H. R. 2140
IN THE SENATE OF THE UNITED STATES
June 11, 2019
Received; read twice and referred to the Committee on Foreign Relations
To prevent child marriage in refugee settlements administered by the United Nations, and for other purposes.
This Act may be cited as the
Preventing Child Marriage in Displaced Populations Act.
Congress finds the following:
According to UNICEF, 12 million girls marry before the age of 18 every year.
Early marriage denies children, especially girls, their right to make vital decisions about their well-being, including relating to their health, family, and career. Child brides are less likely to finish their education, and are at higher risk for abuse, contracting HIV, and dying while pregnant or giving birth.
Child marriage also imposes substantial economic costs to developing countries, impeding development and prosperity gains.
Displaced populations are particularly vulnerable to child marriage, in communities where poverty, instability, and displacement put pressure on families to marry children, particularly young girls, off at a young age.
One United Nations (UN) study found that child marriage rates were 4 times higher among displaced Syrian refugees than among Syrians before the crisis. This indicates that displacement, instability, and poverty are driving child marriages.
United Nations agencies, including UNICEF and UNHCR, have acknowledged the dangers of child marriage and taken steps to address its risk in the populations they serve.
The UN Joint Program on Child Marriage supports this work by building the resilience of populations to indirectly prevent child marriage and by generating new data and evidence on the prevalence of child marriage in humanitarian and fragile settings. For example, in Uganda, the UN Joint Program on Child Marriage helped 27,000 adolescent girls strengthen critical skills through school clubs and Go Back to School campaigns, as well as life-skills and financial literacy training.
After the UN Joint Program on Child Marriage identified Yemen as one of its focus countries, 65,000 people, of whom 45,000 are adolescents, were reached with awareness raising activities on the harms of child marriage in 2018 alone. As a result, local council representatives, elders, and community leaders from six districts signed a pledge to support advocacy efforts to end child marriage.
Preventing child marriage in displaced populations
The President shall direct the United States Permanent Representative to the United Nations to use the voice, vote, and influence of the United States at the United Nations to call for an adoption of an agreed-upon definition of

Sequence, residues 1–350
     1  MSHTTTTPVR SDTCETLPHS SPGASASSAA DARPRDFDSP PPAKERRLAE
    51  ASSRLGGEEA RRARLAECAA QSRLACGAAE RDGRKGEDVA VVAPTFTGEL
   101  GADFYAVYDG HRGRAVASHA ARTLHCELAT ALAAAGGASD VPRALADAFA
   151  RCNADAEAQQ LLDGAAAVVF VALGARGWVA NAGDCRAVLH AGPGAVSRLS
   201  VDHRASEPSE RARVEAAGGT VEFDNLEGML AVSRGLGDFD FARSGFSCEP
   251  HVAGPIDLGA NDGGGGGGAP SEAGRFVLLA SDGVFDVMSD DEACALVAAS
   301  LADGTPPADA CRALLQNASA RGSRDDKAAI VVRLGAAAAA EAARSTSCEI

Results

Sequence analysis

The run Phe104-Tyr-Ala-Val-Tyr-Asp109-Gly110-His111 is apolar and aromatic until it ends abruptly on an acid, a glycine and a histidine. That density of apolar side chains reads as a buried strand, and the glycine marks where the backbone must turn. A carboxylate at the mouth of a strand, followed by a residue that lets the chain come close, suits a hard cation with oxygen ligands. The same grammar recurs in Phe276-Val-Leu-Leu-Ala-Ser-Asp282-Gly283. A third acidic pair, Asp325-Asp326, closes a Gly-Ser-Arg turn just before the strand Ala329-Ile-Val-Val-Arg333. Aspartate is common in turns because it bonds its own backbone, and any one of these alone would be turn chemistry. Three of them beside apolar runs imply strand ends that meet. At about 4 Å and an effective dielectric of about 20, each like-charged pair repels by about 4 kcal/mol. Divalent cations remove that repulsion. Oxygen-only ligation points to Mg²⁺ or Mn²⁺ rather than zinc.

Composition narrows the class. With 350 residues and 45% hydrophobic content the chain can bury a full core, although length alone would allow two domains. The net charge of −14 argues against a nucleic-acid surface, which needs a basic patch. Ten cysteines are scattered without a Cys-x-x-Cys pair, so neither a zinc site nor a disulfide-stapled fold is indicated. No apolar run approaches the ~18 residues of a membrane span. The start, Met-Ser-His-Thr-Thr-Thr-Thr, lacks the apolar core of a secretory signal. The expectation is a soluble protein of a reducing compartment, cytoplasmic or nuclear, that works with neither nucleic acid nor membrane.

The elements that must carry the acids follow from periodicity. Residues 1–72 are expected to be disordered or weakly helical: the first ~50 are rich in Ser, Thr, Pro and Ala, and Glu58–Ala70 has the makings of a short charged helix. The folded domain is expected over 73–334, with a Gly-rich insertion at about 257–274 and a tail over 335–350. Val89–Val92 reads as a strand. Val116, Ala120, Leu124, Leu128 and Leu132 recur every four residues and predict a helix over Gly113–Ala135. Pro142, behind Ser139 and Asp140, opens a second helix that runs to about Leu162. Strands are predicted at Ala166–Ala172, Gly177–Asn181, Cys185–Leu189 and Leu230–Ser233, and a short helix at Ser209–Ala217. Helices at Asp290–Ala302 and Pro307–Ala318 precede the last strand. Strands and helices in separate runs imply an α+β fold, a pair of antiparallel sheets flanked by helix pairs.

child marriage across United Nations agencies.
The President shall direct the United States Permanent Representative to the United Nations to use the voice, vote, and influence of the United States at the United Nations to call for the development of a comprehensive strategy to address child marriage in refugee settlements administered by the United Nations. Such strategy should include the following:
A mandate to regularly collect and report data related to the number of known or suspected child marriages taking place inside each such settlement.
Protocols for United Nations personnel regarding prevention and monitoring of child marriages inside each such settlement.
A description of United Nations programs administered at such settlements that include—
physical, mental, and emotional rehabilitation and support to children who have extricated themselves from child marriage; and
alternatives to child marriage, such as education initiatives.
Protocols regarding how United Nations personnel should—
report adults participating in illegal child marriages in each such settlement; and
monitor the prosecution of such adults by the authorities of the country in which the settlement at issue is located.
The President shall direct the United States Permanent Representative to the United Nations to use the voice, vote, and influence of the United States at the United Nations to advocate for the United Nations and its appropriate agencies to include, as appropriate, in all of its research into child marriage the relationship between child marriage and violence against girls, including young children and infants.
In this section:
child marriage means a formal marriage or informal union involving at least one person younger than age 18.
Illegal child marriage
illegal child marriage means a child marriage that is illegal under the laws of the country in which the child marriage occurs.
Passed the House of Representatives June 10, 2019.
Cheryl L. Johnson,